Fun fact: Did you know the clitoris runs along the female pelvic floor?

Strong pelvic floor muscles give you control over your bladder and bowels, and are responsible for a stronger response to orgasm.

Source:Peter Lamb

Common treatments for women with bladder leaks.


Pelvic floor exercises are considered a first-line treatment option, meaning this is what is often suggested to try first for your bladder control problems.

Pelvic floor exercises such as Kegels keep your pelvic floor muscles toned to prevent issues like bladder leakage.

You want to make sure you are able to clench (recruit) your pelvic floor muscles and relax them on command.

Key Reminder: Make sure not to squeeze other muscles while doing your Kegel exercises (like your abs, butt, or thighs). And avoid holding your breath.

If you wish to do Kegels on your own, with an empty bladder, slowly clench your pelvic floor muscles. Think about how you try not to pass gas in a crowded elevator.

To begin with, hold to the count of five, then relax the muscles for a count of five (these exercises are known as slow pull-ups or long squeezes).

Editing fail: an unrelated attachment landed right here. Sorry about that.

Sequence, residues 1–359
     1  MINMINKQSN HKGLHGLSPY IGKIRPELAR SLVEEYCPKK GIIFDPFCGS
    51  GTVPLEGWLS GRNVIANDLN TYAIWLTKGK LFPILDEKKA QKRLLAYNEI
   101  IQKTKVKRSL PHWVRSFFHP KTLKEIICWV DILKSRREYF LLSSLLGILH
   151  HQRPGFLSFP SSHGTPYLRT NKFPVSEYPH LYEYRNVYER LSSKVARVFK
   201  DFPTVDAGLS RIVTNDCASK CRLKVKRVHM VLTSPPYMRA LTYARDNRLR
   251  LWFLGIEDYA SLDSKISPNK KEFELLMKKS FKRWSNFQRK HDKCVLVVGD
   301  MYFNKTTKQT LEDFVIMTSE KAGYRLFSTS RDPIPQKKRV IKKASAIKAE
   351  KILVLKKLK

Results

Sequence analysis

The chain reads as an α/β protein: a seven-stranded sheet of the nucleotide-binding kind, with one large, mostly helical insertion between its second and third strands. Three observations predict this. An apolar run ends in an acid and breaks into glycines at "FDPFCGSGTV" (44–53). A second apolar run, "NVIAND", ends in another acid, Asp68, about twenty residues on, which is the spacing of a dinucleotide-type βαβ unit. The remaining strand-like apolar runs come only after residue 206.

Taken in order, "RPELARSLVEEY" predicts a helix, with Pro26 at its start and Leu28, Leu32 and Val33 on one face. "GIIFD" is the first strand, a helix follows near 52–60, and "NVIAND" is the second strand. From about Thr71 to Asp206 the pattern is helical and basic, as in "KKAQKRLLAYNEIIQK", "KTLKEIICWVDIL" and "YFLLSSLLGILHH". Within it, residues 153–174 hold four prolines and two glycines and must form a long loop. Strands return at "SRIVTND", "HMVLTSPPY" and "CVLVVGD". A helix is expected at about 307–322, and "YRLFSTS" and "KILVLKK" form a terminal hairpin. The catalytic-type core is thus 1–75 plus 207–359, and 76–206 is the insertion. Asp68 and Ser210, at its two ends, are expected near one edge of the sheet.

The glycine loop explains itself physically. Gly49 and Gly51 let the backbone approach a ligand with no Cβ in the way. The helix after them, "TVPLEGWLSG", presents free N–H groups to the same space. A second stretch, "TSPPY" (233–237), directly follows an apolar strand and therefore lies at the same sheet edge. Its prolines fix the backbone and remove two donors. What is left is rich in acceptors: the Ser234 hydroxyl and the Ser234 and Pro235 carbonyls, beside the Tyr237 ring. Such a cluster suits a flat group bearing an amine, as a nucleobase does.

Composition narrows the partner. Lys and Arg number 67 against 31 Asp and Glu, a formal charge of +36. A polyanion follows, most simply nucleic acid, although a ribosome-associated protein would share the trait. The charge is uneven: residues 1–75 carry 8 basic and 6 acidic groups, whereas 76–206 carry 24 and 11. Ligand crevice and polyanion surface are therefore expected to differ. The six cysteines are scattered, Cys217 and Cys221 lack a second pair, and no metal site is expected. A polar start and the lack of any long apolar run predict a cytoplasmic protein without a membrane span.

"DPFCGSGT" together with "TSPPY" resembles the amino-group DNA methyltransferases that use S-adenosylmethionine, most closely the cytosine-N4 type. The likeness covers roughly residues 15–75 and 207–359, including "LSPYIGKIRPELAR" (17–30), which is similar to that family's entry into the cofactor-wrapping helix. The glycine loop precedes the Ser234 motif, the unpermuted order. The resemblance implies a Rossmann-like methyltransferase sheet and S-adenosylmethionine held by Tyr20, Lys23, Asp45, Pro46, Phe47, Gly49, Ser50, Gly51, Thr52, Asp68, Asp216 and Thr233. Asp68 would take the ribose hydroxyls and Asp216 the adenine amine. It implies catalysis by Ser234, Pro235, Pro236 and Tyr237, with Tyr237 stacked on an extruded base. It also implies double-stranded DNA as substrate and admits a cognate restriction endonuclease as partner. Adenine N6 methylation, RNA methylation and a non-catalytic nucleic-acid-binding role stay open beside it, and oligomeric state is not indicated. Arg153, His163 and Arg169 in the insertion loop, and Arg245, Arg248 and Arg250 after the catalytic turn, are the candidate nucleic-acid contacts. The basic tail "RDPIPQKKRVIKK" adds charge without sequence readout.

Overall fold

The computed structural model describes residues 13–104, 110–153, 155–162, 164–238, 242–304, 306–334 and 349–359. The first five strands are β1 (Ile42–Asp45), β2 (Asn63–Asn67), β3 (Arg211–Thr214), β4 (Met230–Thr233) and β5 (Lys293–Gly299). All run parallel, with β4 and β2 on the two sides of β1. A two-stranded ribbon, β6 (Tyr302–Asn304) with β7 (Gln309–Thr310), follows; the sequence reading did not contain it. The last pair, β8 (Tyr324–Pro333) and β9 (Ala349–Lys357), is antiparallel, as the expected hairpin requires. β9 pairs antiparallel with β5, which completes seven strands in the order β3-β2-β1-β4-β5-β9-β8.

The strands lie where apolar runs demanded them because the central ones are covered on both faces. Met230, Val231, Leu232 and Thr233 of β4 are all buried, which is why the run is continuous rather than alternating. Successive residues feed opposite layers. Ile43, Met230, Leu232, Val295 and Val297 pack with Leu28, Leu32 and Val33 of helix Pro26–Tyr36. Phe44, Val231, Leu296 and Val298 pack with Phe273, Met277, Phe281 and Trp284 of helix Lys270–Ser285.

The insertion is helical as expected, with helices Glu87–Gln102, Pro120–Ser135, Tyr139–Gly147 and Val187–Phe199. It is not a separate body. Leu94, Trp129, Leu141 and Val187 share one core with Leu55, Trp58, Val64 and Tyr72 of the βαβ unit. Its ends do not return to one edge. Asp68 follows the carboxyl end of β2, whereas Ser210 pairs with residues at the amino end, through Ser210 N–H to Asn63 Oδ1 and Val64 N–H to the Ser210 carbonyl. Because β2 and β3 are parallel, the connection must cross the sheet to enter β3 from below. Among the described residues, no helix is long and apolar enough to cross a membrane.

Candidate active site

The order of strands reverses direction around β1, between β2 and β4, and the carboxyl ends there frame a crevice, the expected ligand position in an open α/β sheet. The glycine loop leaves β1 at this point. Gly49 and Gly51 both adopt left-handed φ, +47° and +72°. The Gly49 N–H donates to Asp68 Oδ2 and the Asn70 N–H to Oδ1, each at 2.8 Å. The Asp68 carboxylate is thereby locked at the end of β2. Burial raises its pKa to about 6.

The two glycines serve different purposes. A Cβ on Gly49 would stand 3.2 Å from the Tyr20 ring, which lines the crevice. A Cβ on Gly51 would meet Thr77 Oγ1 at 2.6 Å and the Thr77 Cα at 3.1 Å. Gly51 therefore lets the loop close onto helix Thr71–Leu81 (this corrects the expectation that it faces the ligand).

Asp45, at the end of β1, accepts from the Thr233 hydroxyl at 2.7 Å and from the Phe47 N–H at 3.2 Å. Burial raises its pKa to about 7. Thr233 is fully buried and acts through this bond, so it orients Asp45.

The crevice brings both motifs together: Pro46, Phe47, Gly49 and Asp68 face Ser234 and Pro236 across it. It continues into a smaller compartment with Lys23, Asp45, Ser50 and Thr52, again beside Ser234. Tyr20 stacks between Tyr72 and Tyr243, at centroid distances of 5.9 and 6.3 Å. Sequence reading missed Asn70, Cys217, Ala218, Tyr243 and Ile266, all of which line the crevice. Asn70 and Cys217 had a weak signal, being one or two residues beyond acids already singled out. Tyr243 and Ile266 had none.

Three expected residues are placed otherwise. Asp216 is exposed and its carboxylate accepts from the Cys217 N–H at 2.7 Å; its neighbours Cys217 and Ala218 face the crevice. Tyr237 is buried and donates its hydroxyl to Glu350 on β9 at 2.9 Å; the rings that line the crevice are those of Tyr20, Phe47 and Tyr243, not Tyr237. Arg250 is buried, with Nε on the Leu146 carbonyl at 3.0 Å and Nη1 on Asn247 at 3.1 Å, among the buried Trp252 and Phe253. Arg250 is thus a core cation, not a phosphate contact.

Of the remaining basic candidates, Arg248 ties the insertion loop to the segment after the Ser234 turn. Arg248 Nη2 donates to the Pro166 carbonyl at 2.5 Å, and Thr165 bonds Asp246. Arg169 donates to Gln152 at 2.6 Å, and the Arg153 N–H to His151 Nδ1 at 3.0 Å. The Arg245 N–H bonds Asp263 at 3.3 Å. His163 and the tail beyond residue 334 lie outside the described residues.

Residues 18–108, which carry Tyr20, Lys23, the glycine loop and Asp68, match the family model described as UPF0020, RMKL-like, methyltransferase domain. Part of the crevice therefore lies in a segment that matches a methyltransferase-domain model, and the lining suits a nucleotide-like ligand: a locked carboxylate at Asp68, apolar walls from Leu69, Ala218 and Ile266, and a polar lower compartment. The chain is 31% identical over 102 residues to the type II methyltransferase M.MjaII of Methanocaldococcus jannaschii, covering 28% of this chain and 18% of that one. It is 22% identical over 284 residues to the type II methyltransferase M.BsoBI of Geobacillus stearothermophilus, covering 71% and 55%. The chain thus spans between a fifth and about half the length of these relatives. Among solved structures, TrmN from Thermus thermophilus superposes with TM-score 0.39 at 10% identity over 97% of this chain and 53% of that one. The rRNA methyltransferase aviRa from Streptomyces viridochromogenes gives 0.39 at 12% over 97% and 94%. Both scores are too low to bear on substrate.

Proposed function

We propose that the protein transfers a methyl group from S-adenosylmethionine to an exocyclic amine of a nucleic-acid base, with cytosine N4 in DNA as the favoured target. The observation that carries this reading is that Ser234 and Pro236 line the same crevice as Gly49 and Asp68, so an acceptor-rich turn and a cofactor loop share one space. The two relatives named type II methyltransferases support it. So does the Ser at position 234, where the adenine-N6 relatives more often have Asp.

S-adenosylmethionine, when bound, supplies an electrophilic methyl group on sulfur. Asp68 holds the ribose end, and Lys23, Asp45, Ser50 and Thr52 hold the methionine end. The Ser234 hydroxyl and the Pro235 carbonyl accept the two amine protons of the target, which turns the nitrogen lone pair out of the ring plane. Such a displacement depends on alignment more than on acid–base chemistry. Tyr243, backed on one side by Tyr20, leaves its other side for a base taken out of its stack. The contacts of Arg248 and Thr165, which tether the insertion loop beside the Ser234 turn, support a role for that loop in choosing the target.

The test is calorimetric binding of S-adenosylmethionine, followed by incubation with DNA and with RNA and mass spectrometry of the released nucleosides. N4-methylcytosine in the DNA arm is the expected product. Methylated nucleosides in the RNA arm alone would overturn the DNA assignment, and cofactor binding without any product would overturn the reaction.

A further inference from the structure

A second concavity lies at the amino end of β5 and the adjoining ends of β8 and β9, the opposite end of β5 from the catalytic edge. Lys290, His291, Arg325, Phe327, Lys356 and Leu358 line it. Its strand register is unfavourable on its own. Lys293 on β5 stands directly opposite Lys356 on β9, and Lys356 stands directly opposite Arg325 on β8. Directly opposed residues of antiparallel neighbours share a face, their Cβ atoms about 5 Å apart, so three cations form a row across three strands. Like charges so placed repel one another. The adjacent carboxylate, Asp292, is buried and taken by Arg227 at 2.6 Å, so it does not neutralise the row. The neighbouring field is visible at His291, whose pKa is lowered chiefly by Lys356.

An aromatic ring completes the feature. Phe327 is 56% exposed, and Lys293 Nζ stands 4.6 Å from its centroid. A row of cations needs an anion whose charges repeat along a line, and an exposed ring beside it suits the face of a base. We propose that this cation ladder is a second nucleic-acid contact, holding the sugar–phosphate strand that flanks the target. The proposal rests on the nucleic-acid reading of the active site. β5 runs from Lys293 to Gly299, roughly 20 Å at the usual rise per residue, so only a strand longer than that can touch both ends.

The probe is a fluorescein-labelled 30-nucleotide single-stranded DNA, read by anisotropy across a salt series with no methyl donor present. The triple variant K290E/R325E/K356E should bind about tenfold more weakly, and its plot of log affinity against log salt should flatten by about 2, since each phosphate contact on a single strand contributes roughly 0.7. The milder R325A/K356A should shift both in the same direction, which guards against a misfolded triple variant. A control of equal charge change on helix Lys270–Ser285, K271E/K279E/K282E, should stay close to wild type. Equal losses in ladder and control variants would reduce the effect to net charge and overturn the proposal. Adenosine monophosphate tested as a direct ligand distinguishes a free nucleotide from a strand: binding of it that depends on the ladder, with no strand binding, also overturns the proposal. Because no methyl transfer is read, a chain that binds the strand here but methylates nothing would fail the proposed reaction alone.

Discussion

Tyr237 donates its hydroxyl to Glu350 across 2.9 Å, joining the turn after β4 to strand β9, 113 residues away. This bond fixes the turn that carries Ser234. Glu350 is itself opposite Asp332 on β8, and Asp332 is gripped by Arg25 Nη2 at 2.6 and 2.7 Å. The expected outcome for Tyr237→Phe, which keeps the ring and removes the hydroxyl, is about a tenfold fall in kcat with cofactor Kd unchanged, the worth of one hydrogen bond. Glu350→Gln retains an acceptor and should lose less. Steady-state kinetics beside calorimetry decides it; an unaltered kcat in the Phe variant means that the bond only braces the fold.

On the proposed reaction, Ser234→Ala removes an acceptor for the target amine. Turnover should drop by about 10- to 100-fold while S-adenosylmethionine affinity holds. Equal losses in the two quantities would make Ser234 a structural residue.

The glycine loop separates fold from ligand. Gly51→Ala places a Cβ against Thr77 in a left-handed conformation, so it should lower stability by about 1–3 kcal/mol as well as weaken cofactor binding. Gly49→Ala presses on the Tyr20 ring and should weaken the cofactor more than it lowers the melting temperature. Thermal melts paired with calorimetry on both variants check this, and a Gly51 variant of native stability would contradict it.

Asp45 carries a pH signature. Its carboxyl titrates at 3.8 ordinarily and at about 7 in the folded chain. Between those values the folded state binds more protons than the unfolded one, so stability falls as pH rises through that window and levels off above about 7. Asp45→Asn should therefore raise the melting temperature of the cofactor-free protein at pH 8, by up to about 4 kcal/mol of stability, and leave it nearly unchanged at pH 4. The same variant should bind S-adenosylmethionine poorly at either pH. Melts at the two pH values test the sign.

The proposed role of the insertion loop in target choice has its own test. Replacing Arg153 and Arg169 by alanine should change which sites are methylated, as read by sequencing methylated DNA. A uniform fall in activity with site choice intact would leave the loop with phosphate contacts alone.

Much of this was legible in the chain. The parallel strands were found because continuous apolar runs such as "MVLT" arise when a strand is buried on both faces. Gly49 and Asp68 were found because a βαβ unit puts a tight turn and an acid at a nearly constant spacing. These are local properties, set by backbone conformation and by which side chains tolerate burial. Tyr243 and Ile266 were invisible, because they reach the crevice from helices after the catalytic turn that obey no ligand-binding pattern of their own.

Try to do 5 reps on your first day. As you gain confidence from your new routine, aim for holding 10 seconds at a time, relaxing for 10 seconds between contractions.

Then do the same exercise quickly and immediately let go again (these exercises are known as fast pull-ups or short squeezes).

A kegel workout plan would be to perform 1 set of 10 short contractions and 1 set of 10 long contractions 2 or 3 times per day.

In order for Kegels to work you have to make sure that you're doing them correctly.

However, over 50% of women cannot do a proper Kegel exercise correctly. This is because the pelvic floor muscles are difficult to isolate.


Physical therapy is a great option because you are with a licensed healthcare professional with extensive education and training telling you how to do the pelvic floor exercises correctly. Plus they will give you immediate feedback and encouragement.

Physical therapists often use biofeedback or NMES (neuromuscular electro stimulation) devices to help patients do the exercises effectively.

But not everyone can make it make it to their weekly pelvic floor physical therapy appointments. Or you forget how to do the pelvic floor exercises when you get home.


Biofeedback for pelvic floor muscles is excellent if you have pelvic floor muscle tone. It's a painless treatment that uses sensors and a computer screen.